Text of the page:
Loretta Napoleoni makes the case that terrorist groups are filled not so much with ideological zealots as cold, calculating economists who are more akin to investment bankers. Using insider access to terror networks and an economic analysis of "terror" finance, she has followed the money trail that has allowed terrorist cells to flourish well before 9/11.
In her address at the Melbourne Writers' Festival, Napoleoni discusses the difficulties of tracking terrorist cash, which doesn't officially become dirty money until it's used for dirty purposes. She also argues that instead of funding the wars supposedly aimed at spreading democracy, the West should focus on ending the bankrolling of terrorism.
Napoleoni was joined by RMIT's Professor of Globalisation and Cultural Diversity, Paul James.
Paul James is Director of the Global Cities Institute (RMIT) and Director of the United Nations Global Compact Cities Programme. He is Professor of Globalization and Cultural Diversity in the Globalism Research Centre (RMIT), an editor of Arena Journal, and on the Council of the Institute of Postcolonial Studies. He has received a number of awards including the Japan-Australia Foundation Fellowship, an Australian Research Council Fellowship, and the Crisp Medal by the Australasian Political Studies Association for the best book in the field of political studies. Invitations have been received to deliver addresses in more than twenty different countries including Bosnia-Herzegovina, Cuba, Finland, France, Germany, Greece, Israel-Palestine, Japan, Malaysia, Papua New Guinea, Portugal, Taiwan and the United States.
He is author or editor of twenty-four books including, Nation Formation: Towards a Theory of Abstract Community (Sage, 1996) and Globalism, Nationalism Tribalism: Bringing Theory Back In (Sage, 2006) and the first twelve volumes of a projected sixteen-volume series mapping the field of globalization (Sage, 2006, 2007). He has been an advisor to a number of agencies and governments including the Helsinki Process, the Canadian Prime Minister G20 Forum (2004), the National Economic Advisory Council of Malaysia, and the Commission on Reception, Truth and Reconciliation in East Timor. His work for the Papua New Guinea Minister for Community Development became the basis for their Integrated Community Development Policy (2004-09).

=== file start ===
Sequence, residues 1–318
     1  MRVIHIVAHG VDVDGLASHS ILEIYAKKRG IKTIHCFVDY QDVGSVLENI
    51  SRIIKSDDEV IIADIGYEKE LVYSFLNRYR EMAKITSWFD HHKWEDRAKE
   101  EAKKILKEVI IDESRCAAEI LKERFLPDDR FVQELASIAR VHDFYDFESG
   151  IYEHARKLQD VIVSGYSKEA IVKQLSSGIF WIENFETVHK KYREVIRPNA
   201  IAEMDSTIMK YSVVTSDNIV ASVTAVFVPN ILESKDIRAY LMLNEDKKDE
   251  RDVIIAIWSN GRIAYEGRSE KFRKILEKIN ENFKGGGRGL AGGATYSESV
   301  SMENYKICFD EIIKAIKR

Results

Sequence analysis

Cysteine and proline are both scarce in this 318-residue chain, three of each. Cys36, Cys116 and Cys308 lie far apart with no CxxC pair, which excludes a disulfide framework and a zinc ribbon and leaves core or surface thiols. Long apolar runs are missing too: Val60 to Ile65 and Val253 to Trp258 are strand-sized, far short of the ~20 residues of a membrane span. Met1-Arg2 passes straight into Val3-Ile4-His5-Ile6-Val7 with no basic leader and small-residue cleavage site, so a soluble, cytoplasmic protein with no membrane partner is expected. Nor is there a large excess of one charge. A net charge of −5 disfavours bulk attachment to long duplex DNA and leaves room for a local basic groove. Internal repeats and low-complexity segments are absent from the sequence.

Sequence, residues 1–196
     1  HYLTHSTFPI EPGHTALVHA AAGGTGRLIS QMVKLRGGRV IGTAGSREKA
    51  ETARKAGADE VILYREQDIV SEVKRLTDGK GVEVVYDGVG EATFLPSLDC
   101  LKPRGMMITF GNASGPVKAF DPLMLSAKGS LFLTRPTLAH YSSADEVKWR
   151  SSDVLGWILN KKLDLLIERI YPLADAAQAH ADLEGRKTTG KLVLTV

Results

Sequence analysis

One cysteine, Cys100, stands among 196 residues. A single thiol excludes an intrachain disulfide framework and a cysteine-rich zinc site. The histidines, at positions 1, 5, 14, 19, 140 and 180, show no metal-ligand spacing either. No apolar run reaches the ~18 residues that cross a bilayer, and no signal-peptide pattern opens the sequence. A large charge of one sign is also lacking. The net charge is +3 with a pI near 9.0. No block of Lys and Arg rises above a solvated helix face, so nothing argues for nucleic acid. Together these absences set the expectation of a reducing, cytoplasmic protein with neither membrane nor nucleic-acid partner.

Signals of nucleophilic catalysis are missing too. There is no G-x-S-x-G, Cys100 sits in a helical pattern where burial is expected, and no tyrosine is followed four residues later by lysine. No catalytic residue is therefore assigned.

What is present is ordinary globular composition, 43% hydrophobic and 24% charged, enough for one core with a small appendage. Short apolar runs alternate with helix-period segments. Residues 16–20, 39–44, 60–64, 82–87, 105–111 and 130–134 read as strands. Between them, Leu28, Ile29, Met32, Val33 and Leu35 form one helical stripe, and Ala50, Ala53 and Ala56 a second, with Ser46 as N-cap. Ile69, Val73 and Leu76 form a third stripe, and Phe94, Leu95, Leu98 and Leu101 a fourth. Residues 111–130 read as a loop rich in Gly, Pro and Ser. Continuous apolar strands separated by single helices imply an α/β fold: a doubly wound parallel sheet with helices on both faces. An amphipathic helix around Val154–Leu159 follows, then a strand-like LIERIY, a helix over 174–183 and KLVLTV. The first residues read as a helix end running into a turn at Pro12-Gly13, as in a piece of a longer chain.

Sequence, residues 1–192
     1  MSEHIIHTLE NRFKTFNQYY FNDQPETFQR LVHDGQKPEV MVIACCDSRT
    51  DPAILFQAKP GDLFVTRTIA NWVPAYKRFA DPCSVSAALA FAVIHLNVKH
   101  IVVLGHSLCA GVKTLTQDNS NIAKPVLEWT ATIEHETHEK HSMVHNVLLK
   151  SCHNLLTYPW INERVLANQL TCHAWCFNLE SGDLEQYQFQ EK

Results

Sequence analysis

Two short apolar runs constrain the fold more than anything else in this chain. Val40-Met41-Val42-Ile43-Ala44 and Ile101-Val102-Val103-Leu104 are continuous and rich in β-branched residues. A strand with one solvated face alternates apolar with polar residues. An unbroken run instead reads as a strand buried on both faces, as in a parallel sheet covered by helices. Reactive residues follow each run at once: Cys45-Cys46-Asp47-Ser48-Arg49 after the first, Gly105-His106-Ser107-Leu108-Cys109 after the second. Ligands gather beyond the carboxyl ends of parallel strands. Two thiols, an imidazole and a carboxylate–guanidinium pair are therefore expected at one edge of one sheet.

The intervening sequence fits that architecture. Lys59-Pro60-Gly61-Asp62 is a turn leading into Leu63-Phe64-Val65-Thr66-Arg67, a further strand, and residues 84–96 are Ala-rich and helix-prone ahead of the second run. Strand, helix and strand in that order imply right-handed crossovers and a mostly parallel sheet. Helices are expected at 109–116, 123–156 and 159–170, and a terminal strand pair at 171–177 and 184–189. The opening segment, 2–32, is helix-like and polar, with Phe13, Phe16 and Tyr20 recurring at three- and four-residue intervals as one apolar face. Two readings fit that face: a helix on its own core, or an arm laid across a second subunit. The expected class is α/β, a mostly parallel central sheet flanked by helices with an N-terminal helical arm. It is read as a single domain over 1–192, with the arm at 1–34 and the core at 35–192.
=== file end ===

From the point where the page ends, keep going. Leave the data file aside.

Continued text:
Loretta Napoleoni is the author of Rogue Economics and the bestselling Terror Inc.: Tracing the Money behind Global Terrorism, which has been translated into 12 languages.
She is an economist and has worked for international banks and financial organizations. One of the world's leading experts on money laundering and terror financing, she has worked as London correspondent and columnist for La Stampa, Le Monde and other newspapers.
A former Fulbright scholar, Napoleoni holds an MA in International Relations and Economics from SAIS, Johns Hopkins University, and a MPhil in terrorism from the London School of Economics.
In the early 1990s, Napoleoni was one of the few people to interview the Italian Red Brigades. For her work as a consultant on the commodities markets, she traveled regularly to Pakistan, Turkey, Iran, Iraq, Syria, and other Middle Eastern countries, where she met senior financial and political leaders. She lives in London.
Economist Loretta Napoleoni discusses the illegal siphoning of cash from the United States money supply into the shadow economy from the late 1960s until 2001, and the effect these activities had on the U.S. economy.
Systematic use of violence to create a general climate of fear in a population and thereby to bring about a particular political objective. It has been used throughout history by political organizations of both the left and the right, by nationalist and ethnic groups, and by revolutionaries. Although usually thought of as a means of destabilizing or overthrowing existing political institutions, terror also has been employed by governments against their own people to suppress dissent; examples include the reigns of certain Roman emperors, the French Revolution (seeReign of Terror), Nazi Germany, the Soviet Union under Stalin, and Argentina during the dirty war of the 1970s. Terrorism's impact has been magnified by the deadliness and technological sophistication of modern-day weapons and the capability of the media to disseminate news of such attacks instantaneously throughout the world. The deadliest terrorist attack ever occurred in the United States on Sept. 11, 2001 (seeSeptember 11 attacks), when members of al-Qaeda terrorist network hijacked four commercial airplanes and crashed two of them into the twin towers of the World Trade Center complex in New York City and one into the Pentagon building near Washington, D.C.; the fourth plane crashed near Pittsburgh, Pa. The crashes resulted in the collapse of much of the World Trade Center complex, the destruction of part of the southwest side of the Pentagon, and the deaths of some 3,000 people.
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It makes sense the reasoning.
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If the USA was competing for selling debt around the world, how on earth reducing the interest rate from 6% to almost 0% is a way of selling?
Have health and peace!